The story of Hope Ness

IMG_0186Oh, if only these rocks could talk, what a story they could tell about how they got here thousands of years ago. They were part of what’s now called the Canadian Shield, a primeval formation of igneous rock, forged over many millions of years. When the vast glaciers of the last ice age began their slow, relentless march south, these rocks were broken off the shield and pushed south by the immense power of the ice. So great was the weight of the ice, several kilometers thick, that it tilted the eastern edge of an ancient sedimentary rock seabed upward, thus creating the unique, cliff-edge rock formation we call the Niagara Escarpment. When the ice age waned, and the ice began to melt and retreat, these rocks were left right here, where you see them now, on the section of the Bruce Trail from Hope Ness to Hope Bay, on the Bruce Peninsula. Hope Ness is the name settlers gave the promontory of land that reaches out into, and protects Hope Bay, which is part of much larger Georgian Bay. It in turn is part of Lake Huron, one of the Great Lakes. Those are all names with a relatively brief history so far. The indigenous people who lived here for thousands of years before the “age of contact” with people of European descent had their own names, including for Hope Ness. I find it interesting, and comforting in a way, that in researching the Indigenous history of the area, the nearby Chippewas of Nawash First Nation have found it was regarded as a “place of healing,” a hopeful place where people came from far and wide.

I’ve certainly come to realize that’s why I’m here, and why I feel strongly the need to share this special place, especially with those who are in need of hope. Perhaps in times to come Hope Ness will have another similar name, or a renewed and restored one, expressing that same spirit.

Hope Ness was almost destroyed about 50 years ago when the Dow Chemical Company wanted to develop a huge quarry to mine the limestone bedrock for its rich magnesium content. The plan included a large shipping facility at the foot of the Niagara Escarpment at nearby Hope Bay. The plan did not proceed. But in the meantime Dow had acquired a large interest in most of the land, which the Ontario government ended up owning, and still does. It includes the provincial Hope Bay Nature Reserve which surrounds my homestead on all sides. More details of the story of how that happened, and other aspects of the history and continuing existence of a special place can be found here, in Finding Hope Ness. Welcome.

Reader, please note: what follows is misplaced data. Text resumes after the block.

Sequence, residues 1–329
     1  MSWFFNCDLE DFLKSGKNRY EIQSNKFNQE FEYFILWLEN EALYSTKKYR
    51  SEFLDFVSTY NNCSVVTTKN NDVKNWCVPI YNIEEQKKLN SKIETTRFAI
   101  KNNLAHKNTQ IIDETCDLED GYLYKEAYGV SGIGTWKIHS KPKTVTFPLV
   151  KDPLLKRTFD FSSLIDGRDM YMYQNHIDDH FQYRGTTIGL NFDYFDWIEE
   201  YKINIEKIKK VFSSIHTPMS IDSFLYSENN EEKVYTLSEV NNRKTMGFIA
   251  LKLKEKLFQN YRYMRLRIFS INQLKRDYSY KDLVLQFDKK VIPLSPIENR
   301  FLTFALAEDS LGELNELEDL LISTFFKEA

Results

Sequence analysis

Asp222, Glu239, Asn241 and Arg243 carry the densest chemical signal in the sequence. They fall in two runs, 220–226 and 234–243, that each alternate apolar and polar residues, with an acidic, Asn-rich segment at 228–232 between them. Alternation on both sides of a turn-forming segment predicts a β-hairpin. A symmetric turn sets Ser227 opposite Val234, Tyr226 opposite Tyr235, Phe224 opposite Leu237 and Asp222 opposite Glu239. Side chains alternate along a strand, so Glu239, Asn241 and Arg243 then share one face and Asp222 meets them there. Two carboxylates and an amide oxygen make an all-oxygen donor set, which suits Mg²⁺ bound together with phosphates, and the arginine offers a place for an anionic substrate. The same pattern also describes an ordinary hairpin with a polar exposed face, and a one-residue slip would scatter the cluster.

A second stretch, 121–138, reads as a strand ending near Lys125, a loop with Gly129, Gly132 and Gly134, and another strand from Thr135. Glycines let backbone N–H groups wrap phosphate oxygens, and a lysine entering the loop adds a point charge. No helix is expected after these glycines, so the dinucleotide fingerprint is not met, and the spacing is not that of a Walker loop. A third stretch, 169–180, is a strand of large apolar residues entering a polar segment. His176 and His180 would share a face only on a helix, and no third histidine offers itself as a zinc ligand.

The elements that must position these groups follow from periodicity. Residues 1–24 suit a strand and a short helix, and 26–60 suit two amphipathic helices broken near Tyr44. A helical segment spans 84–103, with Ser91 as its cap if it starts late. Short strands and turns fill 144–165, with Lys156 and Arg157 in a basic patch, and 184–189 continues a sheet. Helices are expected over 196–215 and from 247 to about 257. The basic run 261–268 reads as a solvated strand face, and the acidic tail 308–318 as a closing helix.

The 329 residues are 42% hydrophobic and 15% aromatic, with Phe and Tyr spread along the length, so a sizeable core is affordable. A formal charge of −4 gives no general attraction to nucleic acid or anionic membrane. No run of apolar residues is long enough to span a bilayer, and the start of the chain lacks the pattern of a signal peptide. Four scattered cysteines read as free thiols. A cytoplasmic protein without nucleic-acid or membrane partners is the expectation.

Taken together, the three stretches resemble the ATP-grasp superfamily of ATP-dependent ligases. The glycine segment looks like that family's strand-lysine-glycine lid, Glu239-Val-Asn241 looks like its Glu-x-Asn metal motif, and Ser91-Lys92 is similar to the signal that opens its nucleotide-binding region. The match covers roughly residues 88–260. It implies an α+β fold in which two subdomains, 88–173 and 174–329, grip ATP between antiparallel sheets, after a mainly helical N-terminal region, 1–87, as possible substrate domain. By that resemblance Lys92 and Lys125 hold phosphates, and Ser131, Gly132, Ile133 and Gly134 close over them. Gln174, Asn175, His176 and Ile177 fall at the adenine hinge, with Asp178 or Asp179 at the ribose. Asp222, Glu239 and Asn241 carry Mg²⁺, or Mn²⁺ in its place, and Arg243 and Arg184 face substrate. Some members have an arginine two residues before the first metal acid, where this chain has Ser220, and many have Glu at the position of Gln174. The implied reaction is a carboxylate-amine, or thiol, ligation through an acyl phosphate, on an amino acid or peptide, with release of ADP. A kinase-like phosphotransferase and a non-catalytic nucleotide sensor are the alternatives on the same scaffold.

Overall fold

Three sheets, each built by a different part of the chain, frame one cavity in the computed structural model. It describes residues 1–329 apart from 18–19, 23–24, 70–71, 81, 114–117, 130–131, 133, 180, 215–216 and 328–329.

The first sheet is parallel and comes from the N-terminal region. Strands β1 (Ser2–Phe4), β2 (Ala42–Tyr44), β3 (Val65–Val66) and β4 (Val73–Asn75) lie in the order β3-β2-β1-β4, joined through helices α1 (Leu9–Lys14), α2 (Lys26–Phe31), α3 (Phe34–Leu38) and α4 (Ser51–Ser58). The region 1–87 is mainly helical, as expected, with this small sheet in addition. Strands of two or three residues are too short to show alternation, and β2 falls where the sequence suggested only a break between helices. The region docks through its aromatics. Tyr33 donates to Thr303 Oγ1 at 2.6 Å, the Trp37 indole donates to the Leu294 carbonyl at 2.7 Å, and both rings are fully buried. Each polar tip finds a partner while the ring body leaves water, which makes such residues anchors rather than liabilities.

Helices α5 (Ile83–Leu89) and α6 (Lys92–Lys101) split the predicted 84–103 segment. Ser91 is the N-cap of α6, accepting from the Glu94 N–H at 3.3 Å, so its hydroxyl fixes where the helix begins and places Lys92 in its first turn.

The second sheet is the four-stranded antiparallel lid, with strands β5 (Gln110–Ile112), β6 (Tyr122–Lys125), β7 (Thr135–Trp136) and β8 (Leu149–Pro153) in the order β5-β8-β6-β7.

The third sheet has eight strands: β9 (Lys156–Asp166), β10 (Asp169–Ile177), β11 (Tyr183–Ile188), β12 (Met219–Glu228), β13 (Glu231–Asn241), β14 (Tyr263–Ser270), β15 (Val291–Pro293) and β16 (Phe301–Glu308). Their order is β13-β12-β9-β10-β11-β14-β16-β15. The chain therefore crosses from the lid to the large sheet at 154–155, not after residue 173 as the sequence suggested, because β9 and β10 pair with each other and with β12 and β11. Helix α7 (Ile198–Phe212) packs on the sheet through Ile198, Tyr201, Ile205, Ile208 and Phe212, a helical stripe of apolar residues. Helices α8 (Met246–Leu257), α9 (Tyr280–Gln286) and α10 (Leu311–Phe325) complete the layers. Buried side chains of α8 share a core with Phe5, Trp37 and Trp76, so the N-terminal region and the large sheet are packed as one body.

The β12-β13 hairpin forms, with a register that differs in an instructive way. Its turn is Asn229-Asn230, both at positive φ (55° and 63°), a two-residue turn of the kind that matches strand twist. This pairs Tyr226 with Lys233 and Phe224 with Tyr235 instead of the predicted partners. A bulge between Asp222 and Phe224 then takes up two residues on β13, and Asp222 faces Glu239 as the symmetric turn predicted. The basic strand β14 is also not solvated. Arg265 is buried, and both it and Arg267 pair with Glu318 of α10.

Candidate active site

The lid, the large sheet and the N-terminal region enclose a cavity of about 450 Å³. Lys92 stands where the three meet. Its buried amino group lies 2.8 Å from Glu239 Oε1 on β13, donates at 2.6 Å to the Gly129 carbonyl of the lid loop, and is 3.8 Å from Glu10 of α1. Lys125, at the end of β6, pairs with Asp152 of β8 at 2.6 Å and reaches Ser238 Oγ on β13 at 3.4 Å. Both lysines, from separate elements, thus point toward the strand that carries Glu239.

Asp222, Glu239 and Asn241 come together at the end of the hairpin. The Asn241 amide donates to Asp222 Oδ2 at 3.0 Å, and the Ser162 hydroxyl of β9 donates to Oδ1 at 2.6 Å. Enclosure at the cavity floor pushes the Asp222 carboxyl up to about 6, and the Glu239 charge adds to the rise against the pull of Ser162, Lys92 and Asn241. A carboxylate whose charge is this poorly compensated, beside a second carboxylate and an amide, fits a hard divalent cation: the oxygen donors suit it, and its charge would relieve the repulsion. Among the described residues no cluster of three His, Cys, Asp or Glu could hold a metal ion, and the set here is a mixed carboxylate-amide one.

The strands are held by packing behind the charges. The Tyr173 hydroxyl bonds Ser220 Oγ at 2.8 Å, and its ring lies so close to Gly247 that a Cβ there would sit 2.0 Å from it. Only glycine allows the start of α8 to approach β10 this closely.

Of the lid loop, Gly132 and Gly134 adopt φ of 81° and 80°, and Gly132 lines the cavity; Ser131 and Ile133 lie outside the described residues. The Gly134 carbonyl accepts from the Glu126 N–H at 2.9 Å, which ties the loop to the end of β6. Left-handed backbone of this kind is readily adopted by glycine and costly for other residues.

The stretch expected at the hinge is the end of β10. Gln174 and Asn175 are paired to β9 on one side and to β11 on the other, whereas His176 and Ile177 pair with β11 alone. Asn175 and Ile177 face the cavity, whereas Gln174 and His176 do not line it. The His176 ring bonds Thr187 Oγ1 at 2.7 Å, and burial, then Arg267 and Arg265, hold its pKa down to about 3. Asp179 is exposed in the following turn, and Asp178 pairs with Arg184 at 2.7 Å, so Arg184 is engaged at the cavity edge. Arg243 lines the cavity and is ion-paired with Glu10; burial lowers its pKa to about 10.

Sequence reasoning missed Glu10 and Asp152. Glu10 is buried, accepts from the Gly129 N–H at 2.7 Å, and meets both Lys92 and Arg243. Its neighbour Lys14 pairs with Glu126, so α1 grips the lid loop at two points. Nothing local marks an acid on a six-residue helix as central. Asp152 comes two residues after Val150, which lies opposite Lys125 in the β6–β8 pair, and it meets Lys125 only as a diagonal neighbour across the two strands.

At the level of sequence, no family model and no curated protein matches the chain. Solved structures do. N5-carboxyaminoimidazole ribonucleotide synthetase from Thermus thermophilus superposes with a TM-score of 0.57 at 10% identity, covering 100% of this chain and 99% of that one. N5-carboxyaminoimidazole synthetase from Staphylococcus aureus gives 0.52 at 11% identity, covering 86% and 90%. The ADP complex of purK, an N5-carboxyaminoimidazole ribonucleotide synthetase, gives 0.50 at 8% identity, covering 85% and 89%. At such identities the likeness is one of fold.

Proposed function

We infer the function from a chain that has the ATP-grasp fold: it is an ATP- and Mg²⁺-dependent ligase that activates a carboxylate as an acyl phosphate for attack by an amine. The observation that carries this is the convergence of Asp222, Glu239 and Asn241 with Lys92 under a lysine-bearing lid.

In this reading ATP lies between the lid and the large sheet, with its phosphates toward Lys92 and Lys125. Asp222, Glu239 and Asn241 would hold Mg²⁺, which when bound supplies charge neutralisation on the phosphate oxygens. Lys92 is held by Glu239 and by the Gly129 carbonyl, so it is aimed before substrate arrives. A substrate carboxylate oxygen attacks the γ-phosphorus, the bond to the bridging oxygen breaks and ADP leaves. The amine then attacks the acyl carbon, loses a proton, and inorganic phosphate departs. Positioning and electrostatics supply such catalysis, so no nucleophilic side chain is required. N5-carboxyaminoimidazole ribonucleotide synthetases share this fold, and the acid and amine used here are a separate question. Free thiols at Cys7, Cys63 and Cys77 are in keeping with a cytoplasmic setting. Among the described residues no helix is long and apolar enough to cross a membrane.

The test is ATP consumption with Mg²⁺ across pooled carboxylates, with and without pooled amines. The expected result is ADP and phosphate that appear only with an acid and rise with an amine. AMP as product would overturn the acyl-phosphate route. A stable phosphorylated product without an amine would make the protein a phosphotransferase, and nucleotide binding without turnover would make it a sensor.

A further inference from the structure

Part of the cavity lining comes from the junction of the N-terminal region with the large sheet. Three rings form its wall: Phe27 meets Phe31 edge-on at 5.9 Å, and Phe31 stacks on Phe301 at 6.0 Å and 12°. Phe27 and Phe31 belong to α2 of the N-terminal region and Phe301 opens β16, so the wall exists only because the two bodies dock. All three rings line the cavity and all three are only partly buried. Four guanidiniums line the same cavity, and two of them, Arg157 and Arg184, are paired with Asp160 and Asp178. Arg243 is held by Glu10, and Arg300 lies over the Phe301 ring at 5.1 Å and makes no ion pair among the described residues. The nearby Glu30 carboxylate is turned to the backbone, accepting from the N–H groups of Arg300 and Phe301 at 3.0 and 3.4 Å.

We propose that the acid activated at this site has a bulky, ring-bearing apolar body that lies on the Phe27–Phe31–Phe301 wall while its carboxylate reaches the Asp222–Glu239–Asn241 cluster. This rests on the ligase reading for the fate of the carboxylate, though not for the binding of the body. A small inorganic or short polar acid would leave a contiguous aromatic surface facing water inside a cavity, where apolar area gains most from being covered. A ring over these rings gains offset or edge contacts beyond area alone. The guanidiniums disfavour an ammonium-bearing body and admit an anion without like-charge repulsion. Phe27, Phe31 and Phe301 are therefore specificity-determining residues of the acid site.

The earth quakes in Hope Ness

In the 40 years since I first came to live in Hope Ness I’ve seen, heard, and felt a lot of memorable natural occurrences: a few specially intense, zero-visibility blizzards; the sky turning green over nearby Hope Bay as a tornado approached; a ball of lightning rolling across the kitchen floor after the house was struck; the explosive crack of a thick, old hardwood beam as the old drive shed collapsed under the weight of snow; half a dozen deer caught nibbling on my rows of beans in the glow of my flashlight. They ran off, and we continue to co-exist peacefully.

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But I never heard and felt the earth rumble and roar, as in an earthquake. Never, that is, until yesterday evening, December 13, 2019. And yes, it was a Friday. But just a coincidence, of course.

Continue reading

Keeping one’s head up in ‘interesting times’

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Planting potatoes with granddaughter Mirabella (beautiful miracle), May 2, 2016. Photo by daughter, Lila Marie. And a good one it is.

When one reaches the pre-boomer age I’m at now, it makes no sense at all to look forward to spring. That’s despite yet another Canadian winter freezing itself in for a long stay and a “snow squall warning” in effect for the next couple of days. So, what else is new.

The only thing that makes sense for an old guy like me is embracing every new day when it has finally become obvious that every one of them is a Hallelujah! gift.

Yet, here I am, imagining it’s late May in the spring of 2020 and I’m out in the back garden again doing a first weeding in rows of recently emerged potato plants a month after planting, just like I was in the spring of 2016.

There was hope in the ground, and in the air, then. But a cloud had also appeared Continue reading

Alberta’s American heritage and the threat to Canadian national unity

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The official municipal flag of the city of Lethbridge, Alberta, a version of the flag American whiskey traders flew over Fort Whoop-up before 1874